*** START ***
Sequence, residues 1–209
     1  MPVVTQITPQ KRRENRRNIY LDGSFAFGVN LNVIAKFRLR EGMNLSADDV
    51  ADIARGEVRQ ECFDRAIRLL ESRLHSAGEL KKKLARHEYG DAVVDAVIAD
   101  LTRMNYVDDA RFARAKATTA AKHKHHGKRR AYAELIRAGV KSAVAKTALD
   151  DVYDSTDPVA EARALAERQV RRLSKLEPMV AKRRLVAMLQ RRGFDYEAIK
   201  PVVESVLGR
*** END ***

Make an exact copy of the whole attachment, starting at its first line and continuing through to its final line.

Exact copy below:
Sequence, residues 1–209
     1  MPVVTQITPQ KRRENRRNIY LDGSFAFGVN LNVIAKFRLR EGMNLSADDV
    51  ADIARGEVRQ ECFDRAIRLL ESRLHSAGEL KKKLARHEYG DAVVDAVIAD
   101  LTRMNYVDDA RFARAKATTA AKHKHHGKRR AYAELIRAGV KSAVAKTALD
   151  DVYDSTDPVA EARALAERQV RRLSKLEPMV AKRRLVAMLQ RRGFDYEAIK
   201  PVVESVLGR